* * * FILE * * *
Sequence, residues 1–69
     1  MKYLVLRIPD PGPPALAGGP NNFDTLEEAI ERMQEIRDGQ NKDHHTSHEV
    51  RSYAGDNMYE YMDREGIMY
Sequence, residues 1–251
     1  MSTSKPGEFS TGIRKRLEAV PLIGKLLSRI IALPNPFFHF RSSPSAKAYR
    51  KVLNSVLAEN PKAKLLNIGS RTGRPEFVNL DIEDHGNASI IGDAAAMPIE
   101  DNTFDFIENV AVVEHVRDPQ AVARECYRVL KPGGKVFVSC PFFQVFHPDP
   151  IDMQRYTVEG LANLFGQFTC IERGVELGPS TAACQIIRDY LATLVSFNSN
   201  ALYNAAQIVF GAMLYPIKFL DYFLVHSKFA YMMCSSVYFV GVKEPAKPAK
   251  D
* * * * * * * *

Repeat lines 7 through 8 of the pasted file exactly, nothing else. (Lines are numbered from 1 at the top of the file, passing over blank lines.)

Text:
   101  DNTFDFIENV AVVEHVRDPQ AVARECYRVL KPGGKVFVSC PFFQVFHPDP
   151  IDMQRYTVEG LANLFGQFTC IERGVELGPS TAACQIIRDY LATLVSFNSN